2
$\begingroup$

I am using randomsound because I thought it would be a good idea to inject some additional entropy into the entropy pools of my linux machines (clearly those machines have a corresponding sound card).

(Un)fortunately, I am a quite paranoid person, and, therefore, I am reviewing the source of randomsound in the moment and got stuck at the following code pieces:

In randomsound.c, there is the structure

struct injector {
  int ent_count;
  int size;
  union {
    int ints[128];
    BitField bitfield[512];
  } value;
} random_injector;

which is used to transfer the noise from the sound card to /dev/random

if (ioctl(randomfd, RNDADDENTROPY, &random_injector) == -1) {
  perror("ioctl");
}

However, it is said explicitly (https://stackoverflow.com/questions/17118705/using-rndaddentropy-to-add-entropy-to-dev-random) that injector must match random.h's struct rand_pool_info.

This struct is filled with data via

for (i = 0; i < depositsize; ++i) {
  bitbuffer_extract_bits(buffered_bits, random_injector.value.bitfield + i, 8);
}

which obviously only works on injector's BitField.

So the actual problem is this ints-array in injector, which is always of size 128 int and is never used in the code. The default size of depositesize is 64. And as far as I can tell, with this configuration, the entropy pool is increased by 64*8 bit and 64 bytes are written to the entropy pool. But those bytes belong to ints which is never touched.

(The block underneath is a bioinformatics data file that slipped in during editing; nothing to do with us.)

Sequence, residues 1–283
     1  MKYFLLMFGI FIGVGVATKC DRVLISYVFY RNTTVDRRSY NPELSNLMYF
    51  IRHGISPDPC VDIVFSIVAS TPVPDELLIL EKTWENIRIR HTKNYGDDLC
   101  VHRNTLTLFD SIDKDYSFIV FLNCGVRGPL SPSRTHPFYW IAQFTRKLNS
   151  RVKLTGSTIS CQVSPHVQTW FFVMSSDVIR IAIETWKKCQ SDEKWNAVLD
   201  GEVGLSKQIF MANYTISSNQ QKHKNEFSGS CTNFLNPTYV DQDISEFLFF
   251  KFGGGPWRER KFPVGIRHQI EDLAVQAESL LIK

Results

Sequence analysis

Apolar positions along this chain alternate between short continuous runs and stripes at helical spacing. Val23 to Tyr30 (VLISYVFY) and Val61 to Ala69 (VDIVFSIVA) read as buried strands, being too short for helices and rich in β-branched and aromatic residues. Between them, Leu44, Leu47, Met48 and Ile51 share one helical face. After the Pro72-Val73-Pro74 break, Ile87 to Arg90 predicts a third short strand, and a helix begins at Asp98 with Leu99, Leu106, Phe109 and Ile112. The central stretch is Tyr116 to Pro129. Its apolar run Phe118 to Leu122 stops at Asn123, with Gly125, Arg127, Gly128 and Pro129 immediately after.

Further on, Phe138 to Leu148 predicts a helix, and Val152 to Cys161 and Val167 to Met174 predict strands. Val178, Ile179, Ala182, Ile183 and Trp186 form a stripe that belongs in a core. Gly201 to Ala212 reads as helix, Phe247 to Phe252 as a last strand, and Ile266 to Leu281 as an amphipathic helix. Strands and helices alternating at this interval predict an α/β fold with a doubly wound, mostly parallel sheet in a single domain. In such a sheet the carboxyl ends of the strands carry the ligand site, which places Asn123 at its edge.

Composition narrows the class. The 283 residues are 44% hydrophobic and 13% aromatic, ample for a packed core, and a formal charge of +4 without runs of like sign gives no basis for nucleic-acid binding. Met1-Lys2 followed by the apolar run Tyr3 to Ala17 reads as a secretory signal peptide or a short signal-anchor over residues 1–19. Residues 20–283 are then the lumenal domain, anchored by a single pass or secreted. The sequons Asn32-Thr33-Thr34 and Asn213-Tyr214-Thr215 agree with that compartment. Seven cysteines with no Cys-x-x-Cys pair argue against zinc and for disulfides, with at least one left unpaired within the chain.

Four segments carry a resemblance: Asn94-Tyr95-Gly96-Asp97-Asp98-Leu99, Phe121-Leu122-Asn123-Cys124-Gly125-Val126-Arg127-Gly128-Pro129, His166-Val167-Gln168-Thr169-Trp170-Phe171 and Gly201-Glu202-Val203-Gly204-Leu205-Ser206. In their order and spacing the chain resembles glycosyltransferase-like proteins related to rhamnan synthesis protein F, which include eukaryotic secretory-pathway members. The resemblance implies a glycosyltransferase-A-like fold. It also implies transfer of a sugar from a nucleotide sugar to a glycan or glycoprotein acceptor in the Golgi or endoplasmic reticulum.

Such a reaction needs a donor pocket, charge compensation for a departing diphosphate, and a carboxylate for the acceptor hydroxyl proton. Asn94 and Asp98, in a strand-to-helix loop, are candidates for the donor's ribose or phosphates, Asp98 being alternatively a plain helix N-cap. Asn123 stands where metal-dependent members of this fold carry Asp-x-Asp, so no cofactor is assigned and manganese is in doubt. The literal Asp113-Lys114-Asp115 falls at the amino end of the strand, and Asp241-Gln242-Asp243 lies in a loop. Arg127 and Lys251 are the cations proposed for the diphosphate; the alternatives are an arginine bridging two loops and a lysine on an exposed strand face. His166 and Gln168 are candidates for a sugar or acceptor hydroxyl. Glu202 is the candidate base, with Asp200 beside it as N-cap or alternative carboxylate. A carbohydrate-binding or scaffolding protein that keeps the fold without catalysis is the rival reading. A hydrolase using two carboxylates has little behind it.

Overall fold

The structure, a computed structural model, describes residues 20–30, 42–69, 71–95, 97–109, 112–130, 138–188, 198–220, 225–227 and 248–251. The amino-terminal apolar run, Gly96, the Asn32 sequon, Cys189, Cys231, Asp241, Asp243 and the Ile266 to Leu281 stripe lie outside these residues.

So my main question is: Is the default configuration of randomsound always injecting the same bytes to the entropy pool? Or am I simply wrong with my interpretation of the code.

$\endgroup$
4
$\begingroup$

Ah ... I see. I am not a C/C++-expert.

So the union in injector "projects"ints on bitfield and vice versa. That is, the start of ints and bitfield in memory is the same. Writing on bitfield automatically writes on ints.

See http://www.wachtler.de/ck/8_7_struct_union.html (in german).

So everything is fine.

$\endgroup$

Your Answer

By clicking “Post Your Answer”, you agree to our terms of service, privacy policy and cookie policy

Not the answer you're looking for? Browse other questions tagged or ask your own question.